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Drug and alcohol use in SGF decreasing; district below usage averages

January 27, 2016

The Community Coalition for Family Wellness recently announced the results of the Prevention Needs Assessment, a survey that was given to South Glens Falls middle and high school students this past fall.

Based on the most recent results, overall substance use by teens in the district has decreased, most notably with alcohol and marijuana. South Glens Falls is also below county and national averages for most grade levels.

“We are encouraged by the most recent survey results,” said Superintendent of Schools Michael Patton. “Our goal as a district is to ensure the well-being of the whole child. We know that substance abuse can lead to poor academic outcomes and difficulties in other areas of a child’s life.”

The survey is designed to measure substance use and the factors that contribute to these rates.  It was previously administered in SGF in 2011 and during the 2013-14 school year, which provided data to study and help identify trends among students.

Working in collaboration with the South Glens Falls School District, this data allows the community to address any concerns or issues appropriately, and also highlights what is working well.  The coalition contracts with Bach Harrison, to utilize the company’s research-based survey instrument, to administer the survey. The results are carefully analyzed and must pass validity checks to be included in the report. Invalid surveys are removed from the analysis.

Alcohol trendsThe chart to the right shows past month alcohol use for all grade levels who have taken the survey for every year it has been administered.  The red bars indicate averages for Saratoga County (2015) and the yellow bars are national averages (only available for grades 8, 10 and 12). Changes in percentages of more than 5 points are considered significant.

“It is promising to see alcohol use decrease over the past few years, and when asked about binge-drinking (consuming five drinks in one sitting), students report similar decreases, particularly in eleventh and twelfth grades,” said Jenn Wood, Community Coalition for Family Wellness Coordinator. “Consequences related to alcohol use such as poisonings, hangovers, and unwanted sex have also decreased significantly.”

Marijuana trendsSurvey results on marijuana use also show decreases in most grade levels, with an increase in tenth grade and a leveling off in twelfth grade. More students are indicating that they believe marijuana is safe, which can contribute to increased use.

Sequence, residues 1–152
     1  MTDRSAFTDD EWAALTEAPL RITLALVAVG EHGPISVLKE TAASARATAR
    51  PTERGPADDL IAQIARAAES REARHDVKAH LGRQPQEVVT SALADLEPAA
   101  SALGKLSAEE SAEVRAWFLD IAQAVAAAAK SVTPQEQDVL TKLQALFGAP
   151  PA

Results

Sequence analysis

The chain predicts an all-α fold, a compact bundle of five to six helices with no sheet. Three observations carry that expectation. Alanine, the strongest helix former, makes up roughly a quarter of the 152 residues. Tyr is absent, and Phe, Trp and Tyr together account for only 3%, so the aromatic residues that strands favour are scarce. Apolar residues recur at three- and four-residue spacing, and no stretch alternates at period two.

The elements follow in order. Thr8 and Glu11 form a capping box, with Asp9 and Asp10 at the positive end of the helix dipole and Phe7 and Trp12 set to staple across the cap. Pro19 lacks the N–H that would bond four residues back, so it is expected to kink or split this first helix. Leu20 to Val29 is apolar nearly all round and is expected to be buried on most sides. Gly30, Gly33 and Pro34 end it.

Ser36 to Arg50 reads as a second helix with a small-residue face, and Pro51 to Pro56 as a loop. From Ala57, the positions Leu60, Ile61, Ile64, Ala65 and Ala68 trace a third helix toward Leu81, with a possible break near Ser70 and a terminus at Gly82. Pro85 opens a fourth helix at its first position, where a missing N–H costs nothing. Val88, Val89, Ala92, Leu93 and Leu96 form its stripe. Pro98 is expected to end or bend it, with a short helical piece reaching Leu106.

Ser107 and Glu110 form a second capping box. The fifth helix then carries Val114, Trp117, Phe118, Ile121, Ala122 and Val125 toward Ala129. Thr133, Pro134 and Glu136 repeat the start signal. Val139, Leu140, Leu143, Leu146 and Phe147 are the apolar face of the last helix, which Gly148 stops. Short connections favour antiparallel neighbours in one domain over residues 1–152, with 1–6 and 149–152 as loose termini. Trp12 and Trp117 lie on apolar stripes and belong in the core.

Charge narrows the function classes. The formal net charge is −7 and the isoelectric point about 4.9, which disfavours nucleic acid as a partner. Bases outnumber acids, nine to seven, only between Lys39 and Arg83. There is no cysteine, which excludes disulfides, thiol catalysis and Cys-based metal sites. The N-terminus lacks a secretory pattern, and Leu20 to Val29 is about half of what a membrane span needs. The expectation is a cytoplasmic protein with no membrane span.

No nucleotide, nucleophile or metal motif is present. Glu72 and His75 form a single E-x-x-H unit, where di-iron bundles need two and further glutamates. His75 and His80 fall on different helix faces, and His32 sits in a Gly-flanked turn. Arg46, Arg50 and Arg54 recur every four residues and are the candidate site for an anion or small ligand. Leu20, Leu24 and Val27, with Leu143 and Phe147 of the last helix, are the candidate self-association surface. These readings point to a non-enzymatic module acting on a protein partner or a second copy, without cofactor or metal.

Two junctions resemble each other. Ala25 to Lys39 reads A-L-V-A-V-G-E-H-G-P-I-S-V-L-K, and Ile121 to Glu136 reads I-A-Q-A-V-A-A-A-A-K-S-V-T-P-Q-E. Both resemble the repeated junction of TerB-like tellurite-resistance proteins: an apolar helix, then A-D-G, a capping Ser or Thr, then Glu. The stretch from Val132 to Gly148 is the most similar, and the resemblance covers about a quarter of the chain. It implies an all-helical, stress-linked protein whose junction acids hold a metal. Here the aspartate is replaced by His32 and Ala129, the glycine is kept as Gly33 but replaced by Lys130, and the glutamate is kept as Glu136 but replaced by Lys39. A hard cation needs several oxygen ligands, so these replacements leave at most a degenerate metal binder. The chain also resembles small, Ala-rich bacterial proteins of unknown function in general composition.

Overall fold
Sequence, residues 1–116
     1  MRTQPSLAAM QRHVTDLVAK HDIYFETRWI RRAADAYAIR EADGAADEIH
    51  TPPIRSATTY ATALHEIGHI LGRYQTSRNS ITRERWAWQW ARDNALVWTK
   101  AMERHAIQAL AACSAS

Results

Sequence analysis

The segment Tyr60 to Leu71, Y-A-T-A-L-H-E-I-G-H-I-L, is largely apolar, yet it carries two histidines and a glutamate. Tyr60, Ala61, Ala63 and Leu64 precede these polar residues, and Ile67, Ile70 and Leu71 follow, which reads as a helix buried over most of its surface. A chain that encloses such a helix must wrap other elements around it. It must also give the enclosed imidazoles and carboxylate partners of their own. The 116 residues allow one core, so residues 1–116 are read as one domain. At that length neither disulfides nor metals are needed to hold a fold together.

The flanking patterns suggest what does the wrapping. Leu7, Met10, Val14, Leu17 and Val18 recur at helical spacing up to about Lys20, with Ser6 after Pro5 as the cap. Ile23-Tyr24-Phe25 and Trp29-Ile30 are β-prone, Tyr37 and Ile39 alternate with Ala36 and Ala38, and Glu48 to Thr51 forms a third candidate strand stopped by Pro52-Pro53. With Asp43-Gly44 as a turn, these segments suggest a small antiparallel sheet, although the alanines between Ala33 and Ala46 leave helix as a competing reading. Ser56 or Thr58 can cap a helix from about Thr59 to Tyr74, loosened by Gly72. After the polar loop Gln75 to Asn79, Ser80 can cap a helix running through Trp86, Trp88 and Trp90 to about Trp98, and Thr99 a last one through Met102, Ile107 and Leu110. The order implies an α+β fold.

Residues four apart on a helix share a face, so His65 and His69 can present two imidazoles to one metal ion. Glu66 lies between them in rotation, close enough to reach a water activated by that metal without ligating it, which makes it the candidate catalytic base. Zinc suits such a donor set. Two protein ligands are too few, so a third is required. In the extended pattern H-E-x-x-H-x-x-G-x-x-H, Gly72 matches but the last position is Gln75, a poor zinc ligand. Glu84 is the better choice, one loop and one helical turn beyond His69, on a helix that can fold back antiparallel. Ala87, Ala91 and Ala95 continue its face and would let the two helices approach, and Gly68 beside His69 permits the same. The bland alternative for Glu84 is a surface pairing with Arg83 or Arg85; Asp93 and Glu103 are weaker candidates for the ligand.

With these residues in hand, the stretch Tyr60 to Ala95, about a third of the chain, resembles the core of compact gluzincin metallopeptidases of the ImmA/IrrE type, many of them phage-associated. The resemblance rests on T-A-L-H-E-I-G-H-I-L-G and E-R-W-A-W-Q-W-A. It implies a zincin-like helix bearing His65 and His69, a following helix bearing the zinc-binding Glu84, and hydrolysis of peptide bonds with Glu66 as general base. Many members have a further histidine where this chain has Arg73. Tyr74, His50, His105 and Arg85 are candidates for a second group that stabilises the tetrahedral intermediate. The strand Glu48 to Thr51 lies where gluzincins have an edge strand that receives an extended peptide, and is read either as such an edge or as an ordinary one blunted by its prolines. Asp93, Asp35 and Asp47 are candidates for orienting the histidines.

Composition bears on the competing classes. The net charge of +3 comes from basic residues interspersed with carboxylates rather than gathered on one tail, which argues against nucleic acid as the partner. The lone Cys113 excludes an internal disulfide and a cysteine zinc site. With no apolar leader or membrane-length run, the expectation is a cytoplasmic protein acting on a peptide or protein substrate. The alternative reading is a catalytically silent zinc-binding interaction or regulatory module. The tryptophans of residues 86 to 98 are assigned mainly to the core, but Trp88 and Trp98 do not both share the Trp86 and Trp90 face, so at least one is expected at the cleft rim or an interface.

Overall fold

“This is concerning as teen marijuana use can lead to academic and behavioral difficulties,” Wood said.

While the survey provides data on teen substance use, it also identifies factors that further explain how and why substance use happens. For example, teens are more likely to get alcohol from home or someone they know, rather than purchasing it at a store. Twelfth-grade students are more likely than seventh-grade students to believe that their parents accept alcohol use as a normal rite of passage, yet twelfth-graders have far higher rates of consequences related to alcohol use. Parents play an important role in establishing the norm that underage drinking is not acceptable, which is reflected in lower teen drinking rates.

One of the coalition’s strategies aimed at reducing teen alcohol and marijuana use has been the social norms campaign.  It is not unusual to overestimate how much or how often something is happening, and the same is true when considering the number of people using substances. The campaign aims to correct overestimation by providing factual information on how many teens are drinking alcohol and smoking marijuana. The results can be surprising, especially when students learn that the majority are actually choosing NOT to use.  Check out some examples of our social norms campaign posters for more details.

All interested community members are invited to join the coalition’s efforts. More information can be found at


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